How Do Temperature And Pressure Impact The Formation Of Rocks?

Magma forms deep inside the surface of the earth at intense conditions of temperature and pressure. Different minerals melt at different temperatures, giving various rock compositions. Lithostatic pressure increases the melting point of minerals at great depths.

Rocks are the basic units of the solid earth beneath our feet. From the production of electricity to the formation of new roads and buildings, we use different types of rocks and minerals daily to fit our needs (rocks are solid clusters of a few minerals). But how do these rock varieties come into existence? And how is their formation affected by different temperatures and pressure conditions?

Today, scientists understand that rock melts and climbs toward the surface of the Earth from deep inside the crust and mantle. While some magmas burst through and crystallize on the surface, others harden long before they reach the top. These processes make the fundamental igneous rocks, which form by the cooling and setting of magma.

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How does Magma form, and where do we find it?

Magma appears deep inside the layers of the Earth. At such high-temperature conditions, rocks tend to melt. However, at a given range, only a few rocks melt due to the difference in melting points of the minerals within the magma. This is called partial melting. It causes the composition of magma to change as the temperature rises or cools.

Bimodal volcanism at magmatic arc system

Diagram depicting process of Partial Melting (Photo Credit : Yansytang/ Wikimedia Commons)

Due to the weight of the rock above, the pressure inside the Earth builds as we go deeper. Increased stress drives melting temperature upwards. As a result, rocks that easily melt at a certain temperature on Earth’s surface would tend to be solid at a depth below the surface. Furthermore, a decrease in lithostatic pressure causes rocks to melt at the right temperature.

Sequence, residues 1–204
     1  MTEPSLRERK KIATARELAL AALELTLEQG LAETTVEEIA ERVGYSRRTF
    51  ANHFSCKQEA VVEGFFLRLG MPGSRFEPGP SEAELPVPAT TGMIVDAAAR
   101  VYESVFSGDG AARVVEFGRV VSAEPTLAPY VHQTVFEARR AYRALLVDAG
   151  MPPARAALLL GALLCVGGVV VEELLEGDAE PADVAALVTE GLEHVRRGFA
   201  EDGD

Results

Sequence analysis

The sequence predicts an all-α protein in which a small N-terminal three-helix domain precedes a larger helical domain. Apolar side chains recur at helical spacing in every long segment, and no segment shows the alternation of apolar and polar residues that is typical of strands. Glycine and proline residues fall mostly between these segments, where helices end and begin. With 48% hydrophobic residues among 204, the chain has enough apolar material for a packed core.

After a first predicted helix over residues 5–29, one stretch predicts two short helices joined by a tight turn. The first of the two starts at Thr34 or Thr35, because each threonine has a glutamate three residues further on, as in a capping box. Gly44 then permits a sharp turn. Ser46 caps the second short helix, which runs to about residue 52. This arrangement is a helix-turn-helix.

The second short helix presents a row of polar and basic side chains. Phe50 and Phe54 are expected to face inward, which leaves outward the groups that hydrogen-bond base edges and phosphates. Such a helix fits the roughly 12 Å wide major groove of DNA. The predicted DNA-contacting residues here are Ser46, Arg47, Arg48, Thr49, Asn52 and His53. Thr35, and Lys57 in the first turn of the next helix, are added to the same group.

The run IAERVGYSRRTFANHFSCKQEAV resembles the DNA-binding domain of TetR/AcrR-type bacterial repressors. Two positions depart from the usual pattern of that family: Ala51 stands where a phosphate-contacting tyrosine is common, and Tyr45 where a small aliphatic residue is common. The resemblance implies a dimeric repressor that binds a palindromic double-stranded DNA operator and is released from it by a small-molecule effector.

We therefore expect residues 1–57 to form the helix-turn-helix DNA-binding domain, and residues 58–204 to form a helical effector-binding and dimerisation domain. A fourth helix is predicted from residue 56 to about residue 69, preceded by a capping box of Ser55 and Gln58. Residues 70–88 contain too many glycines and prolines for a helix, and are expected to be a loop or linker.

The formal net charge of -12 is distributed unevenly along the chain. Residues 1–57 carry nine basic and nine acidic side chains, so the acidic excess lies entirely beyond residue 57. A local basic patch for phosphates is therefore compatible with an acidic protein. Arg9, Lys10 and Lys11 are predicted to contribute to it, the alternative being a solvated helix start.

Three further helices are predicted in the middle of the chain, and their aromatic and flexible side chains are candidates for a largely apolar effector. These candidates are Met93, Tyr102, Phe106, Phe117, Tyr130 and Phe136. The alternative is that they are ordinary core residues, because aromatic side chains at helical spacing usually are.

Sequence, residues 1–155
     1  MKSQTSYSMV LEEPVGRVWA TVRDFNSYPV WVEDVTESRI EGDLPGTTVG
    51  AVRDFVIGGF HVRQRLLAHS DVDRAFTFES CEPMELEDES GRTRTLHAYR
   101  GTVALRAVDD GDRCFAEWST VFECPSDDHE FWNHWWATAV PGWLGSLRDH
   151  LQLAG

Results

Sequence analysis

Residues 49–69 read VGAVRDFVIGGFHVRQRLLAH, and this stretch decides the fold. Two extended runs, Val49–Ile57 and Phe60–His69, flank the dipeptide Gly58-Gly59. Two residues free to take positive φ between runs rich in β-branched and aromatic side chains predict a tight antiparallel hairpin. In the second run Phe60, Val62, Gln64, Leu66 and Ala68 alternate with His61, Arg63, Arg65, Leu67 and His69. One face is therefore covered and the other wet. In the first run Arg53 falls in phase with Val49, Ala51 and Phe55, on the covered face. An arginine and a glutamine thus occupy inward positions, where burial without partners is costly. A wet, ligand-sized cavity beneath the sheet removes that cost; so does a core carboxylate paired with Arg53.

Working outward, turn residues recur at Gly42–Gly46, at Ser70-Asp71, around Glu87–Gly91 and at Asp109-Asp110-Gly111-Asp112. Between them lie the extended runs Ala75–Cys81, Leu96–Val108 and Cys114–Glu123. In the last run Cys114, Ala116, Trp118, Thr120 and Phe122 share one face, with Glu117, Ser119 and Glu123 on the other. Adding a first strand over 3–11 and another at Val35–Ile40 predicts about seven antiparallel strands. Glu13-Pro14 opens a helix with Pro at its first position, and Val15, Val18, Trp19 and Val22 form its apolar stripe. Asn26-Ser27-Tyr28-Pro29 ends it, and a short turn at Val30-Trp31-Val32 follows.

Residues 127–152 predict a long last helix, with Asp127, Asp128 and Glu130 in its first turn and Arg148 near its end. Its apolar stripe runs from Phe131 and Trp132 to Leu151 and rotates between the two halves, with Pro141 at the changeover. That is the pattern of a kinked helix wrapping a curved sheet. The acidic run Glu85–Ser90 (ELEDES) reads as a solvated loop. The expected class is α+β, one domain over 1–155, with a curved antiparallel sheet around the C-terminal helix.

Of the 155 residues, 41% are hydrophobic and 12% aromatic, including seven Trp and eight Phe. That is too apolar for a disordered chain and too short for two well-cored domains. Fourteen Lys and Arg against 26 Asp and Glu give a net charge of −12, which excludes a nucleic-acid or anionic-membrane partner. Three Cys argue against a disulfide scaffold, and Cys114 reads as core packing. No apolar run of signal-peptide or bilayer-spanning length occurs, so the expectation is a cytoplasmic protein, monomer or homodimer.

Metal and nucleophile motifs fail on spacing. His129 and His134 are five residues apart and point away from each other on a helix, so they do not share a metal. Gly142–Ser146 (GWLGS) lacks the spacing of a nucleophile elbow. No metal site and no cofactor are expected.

Convection currents cause mantle material to move towards the surface at a given temperature range. Convection currents are processes that lead to the movement of plate tectonics, due to continuous heating and cooling of the molten mantle. The solid rock spontaneously melts without the input of any extra heat as the stress on it falls below a critical threshold.

The most magma is created on Earth during this phase, known as decompression melting. Magma moves up through the surrounding rock, as solid rock is denser than melted rock. Small quantities of magma then gather to make magma chambers.

Why do we find various textures of rocks?

Igneous rock textures are broadly divided according to the sizes of the grains of various minerals. These are categorized as coarse-grained (containing distinctive grains that can be seen with unaided eyes) and fine-grained rocks (grain size that cannot be identified even under a microscope).